Continuing the Conversation About Food Deserts

8.21.18 — Join us in getting involved with the conversation about food deserts, the implications of using the term, and possible solutions to limited food access in communities from a personal to policy level.

Bags of chips are displayed at a Walmart store in Secaucus, New Jersey, November 11, 2015. REUTERS/Lucas Jackson - RTS6KQ8

What is a Food Desert?

Food deserts are areas with limited access to supermarkets or other sources of fresh, nutritious, affordable, and culturally-appropriate food. They exist in urban and rural areas, and are disproportionately located in low-income communities and communities of color. Residents in these neighborhoods may also be challenged by inadequate access to transportation, lower access to education, and higher levels of unemployment.[1]

Although they are called “food deserts,” this doesn’t necessarily mean there is no food at all in these areas. Often times, there are many fast food restaurants, corner stores, liquor stores, and gas stations that provide highly processed foods that do not provide the necessary nutrients for a healthy diet. In fact, living in food deserts increases your likelihood of obesity and diabetes nine and five percentage points respectively, making food deserts a public health issue.[2]

 

What’s the deal with that term?

The word “desert” is often used by human geographers to describe an area that is lacking in some aspect that is considered to be important for humans to have access to.[1] As a verb, “desert” also meant to abandon something or someone.[2] By the mid-1990’s, the term “food desert” emerged to describe places or situations that restricted residents’ access to nutritious food.[3] While the term was meant to highlight the discrepancies between these areas and areas that had easier access to healthy food, there has been an increasing amount of discourse about the drawbacks to using this term.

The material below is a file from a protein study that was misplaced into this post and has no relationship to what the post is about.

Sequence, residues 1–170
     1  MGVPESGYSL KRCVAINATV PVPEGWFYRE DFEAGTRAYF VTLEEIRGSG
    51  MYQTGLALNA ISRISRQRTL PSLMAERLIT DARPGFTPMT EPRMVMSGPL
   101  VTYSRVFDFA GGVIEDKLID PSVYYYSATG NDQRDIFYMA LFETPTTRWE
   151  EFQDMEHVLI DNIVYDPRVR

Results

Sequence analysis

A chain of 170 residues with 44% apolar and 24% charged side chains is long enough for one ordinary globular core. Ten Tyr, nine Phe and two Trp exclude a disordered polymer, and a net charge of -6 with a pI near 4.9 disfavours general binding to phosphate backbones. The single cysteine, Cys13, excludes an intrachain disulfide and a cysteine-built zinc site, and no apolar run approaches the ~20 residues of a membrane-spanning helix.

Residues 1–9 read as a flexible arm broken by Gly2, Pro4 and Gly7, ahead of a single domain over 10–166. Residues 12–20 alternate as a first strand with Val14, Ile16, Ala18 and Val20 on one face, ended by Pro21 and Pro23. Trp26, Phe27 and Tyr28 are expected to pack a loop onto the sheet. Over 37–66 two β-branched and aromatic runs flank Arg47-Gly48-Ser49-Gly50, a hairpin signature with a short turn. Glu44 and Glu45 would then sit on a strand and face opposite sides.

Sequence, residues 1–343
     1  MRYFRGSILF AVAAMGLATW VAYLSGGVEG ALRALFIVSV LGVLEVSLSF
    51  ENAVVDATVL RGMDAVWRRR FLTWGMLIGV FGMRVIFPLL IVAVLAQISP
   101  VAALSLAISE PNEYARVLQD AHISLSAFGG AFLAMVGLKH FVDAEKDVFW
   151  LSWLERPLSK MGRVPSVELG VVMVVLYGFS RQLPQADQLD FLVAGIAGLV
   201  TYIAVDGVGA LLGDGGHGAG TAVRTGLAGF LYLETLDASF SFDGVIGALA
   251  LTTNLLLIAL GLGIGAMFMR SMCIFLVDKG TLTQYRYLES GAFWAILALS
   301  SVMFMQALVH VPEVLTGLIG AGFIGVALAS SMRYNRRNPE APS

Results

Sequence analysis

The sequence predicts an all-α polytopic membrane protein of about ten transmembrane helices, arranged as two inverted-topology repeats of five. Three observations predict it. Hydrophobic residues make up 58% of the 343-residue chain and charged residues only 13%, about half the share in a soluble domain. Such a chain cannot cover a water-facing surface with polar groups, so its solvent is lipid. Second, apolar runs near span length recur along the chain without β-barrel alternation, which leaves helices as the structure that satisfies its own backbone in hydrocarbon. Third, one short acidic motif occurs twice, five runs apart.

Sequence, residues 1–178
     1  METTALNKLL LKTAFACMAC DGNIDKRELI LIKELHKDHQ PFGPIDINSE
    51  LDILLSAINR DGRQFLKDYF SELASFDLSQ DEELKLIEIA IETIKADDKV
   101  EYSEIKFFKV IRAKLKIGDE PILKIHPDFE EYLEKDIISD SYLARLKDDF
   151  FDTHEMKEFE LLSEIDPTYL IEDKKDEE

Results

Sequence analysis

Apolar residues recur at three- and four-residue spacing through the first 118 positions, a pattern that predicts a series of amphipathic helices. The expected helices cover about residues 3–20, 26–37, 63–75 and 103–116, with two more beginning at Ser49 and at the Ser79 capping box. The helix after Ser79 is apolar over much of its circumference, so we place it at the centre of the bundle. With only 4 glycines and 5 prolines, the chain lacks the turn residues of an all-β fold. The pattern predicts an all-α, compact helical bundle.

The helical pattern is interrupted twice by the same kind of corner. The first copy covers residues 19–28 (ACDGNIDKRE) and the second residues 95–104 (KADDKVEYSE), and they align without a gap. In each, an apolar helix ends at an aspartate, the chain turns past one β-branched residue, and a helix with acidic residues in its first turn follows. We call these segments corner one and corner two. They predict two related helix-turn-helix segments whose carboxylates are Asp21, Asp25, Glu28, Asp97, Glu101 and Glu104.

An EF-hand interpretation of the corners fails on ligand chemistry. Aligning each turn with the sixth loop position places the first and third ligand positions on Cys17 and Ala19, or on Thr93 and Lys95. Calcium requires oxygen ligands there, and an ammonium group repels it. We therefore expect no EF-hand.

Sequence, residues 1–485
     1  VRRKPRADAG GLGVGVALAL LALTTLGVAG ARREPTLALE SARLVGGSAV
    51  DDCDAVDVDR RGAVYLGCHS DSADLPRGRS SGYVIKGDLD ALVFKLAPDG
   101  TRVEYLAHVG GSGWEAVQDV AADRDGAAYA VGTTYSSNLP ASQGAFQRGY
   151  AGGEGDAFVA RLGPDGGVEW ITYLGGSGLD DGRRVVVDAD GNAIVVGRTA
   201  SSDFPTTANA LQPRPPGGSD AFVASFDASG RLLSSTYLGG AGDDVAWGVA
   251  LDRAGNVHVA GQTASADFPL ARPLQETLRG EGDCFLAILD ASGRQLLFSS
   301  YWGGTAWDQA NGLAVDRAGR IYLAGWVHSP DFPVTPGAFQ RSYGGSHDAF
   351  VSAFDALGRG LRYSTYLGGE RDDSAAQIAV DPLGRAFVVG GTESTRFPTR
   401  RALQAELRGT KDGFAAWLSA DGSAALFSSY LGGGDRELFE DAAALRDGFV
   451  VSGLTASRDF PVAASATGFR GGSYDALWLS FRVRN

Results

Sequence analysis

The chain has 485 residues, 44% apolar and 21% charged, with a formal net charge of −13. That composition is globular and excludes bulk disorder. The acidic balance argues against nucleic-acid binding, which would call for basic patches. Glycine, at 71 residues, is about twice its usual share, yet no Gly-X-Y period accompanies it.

For example, some activists and food systems workers use the term “food apartheid,” because unlike most deserts (the Mojave desert, for example), “food deserts” don’t happen naturally. This lack of access to good food is not accidental or coincidental. These food injustices are a result of deliberate private and public resource allocation decisions that exclude resources like healthy food from low-income communities, with communities of color being affected disproportionately. These factors include suburban migration and redlining, budget cuts in public transit, and discriminatory housing & hiring practices. While “food deserts” describe these areas as desolate and void of potential, “food apartheid” can challenge us to think critically about the social inequalities, inspiring us to act.

 

 

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What’s the solution to food deserts?

So then, the answer seems simple: why don’t we just get grocery stores to move in these areas? Well sometimes, even this doesn’t necessarily fix everything. Studies have shown that even when grocery stores move into areas classified as food deserts, these communities continue to face disparities in health outcomes. It’s clear that there is a bigger problem than geography.

As described by Richard Florida,

when it comes to food and nutrition, it’s not just that higher income Americans have more money. They benefit even more from higher levels of education and better information about the benefits of healthier eating. Indeed, education accounts for roughly 20 percent of the association between income and healthy eating, according to the study, with an additional 7 percent coming from differences in information about nutrition…enable affluent and educated households to put this nutritional information to use. For one, they simply have more time and resources to devote to their health and well-being. Conversely, lower-income people may simply discount the health advantages of higher-quality food or see some of those foods, like kale or avocado toast (to pick the most obvious examples), as smacking of urban elitism.[4]